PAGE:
The Dolomites, the gateway to the universe
Lago Fedaia (Lake Fedaia), Val di Fiemme
Mountains are a “gateway to the sky”: we have heard this since ancient times, but we know today that they really are …. much more than we think. Just below Lake Fedaia, on the Trentino side of the Pass, you can see a small hut. It is nothing special at first glance, but what seems like just a semi-abandoned hut is actually what remains of one of the most important laboratories of modern physics, which in the mid-1950s hosted researchers like Blackett, Powell and Fermi.
The laboratory on Passo Fedaia is evidence of the years when the Dolomites were the protagonists of an important chapter of modern physics and they virtually became a real “bridge to the universe”. These mountains, in fact, were home to some important pioneering experiments in the field of particle physics. Nestled amongst these mountain peaks, Italian researchers analysed a fascinating and still mysterious phenomenon: cosmic rays.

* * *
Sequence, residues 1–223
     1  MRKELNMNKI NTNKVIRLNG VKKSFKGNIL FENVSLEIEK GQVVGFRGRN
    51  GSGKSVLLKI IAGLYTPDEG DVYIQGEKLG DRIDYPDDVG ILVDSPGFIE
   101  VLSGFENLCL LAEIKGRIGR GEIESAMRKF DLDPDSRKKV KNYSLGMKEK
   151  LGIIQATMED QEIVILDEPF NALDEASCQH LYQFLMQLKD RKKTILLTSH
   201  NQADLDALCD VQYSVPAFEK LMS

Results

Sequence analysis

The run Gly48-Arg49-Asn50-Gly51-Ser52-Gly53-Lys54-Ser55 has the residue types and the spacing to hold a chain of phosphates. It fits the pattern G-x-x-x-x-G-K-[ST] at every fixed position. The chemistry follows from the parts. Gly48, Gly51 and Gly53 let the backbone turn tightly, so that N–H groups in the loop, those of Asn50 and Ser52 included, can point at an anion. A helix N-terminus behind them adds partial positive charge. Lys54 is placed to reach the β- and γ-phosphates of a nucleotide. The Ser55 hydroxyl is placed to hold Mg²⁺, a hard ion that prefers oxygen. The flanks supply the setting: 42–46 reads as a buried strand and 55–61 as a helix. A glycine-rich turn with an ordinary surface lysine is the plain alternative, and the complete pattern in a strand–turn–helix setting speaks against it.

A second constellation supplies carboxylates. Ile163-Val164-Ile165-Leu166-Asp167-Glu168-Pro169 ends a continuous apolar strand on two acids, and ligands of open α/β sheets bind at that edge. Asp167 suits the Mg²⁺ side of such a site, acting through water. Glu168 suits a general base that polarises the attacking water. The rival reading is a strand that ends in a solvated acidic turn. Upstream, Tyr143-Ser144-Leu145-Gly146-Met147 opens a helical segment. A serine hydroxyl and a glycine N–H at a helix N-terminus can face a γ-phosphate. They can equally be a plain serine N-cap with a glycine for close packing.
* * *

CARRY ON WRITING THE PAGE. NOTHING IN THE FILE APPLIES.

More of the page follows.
But why choose the Dolomites? Cosmic rays are super-energetic particles, mostly protons, charged with an energy equal to 100 million times that of particles produced in modern accelerators. They are generated by the sun, other stars or dramatic energy-emitting phenomena such as crashing galaxies or swirling black holes. Projected into space, they also arrive near the Earth, where they are partially absorbed by the gases in the atmosphere. Therefore, the higher you are, the more cosmic rays you will see and the easier it will be to observe their nature.
The physicist Giuseppe Cocconi noticed this and in 1942-43 he chose as his laboratory the beautiful setting of Passo Sella (2200 m). His research represented an important chapter in the study of cosmic rays and after World War II his work was published in the important journal Physical Review.
Thanks to the research carried out in the Dolomites, today we know that cosmic rays have certain properties: by studying the trajectories of their journey to Earth backwards, it is possible to trace the phenomena that generated them in very distant spaces and times of the universe. Therefore, it is a sort of ‘energy shower’ (scientifically called an ‘air shower’), in which each ‘drop’ contains information about the life of our universe. Every time we climb up to the top of mountains, we can imagine being targets of a shower of messages that the universe is sending us to tell us about itself.
During an excursion to Rifugio Maria on Sass Pordoi (at an altitude of almost 3000 m), for example, air showers will be particularly strong. The mountain hut is an extraordinary podium from where you can feel closer to the secrets of the universe and enjoy the grandiose view of the Dolomites.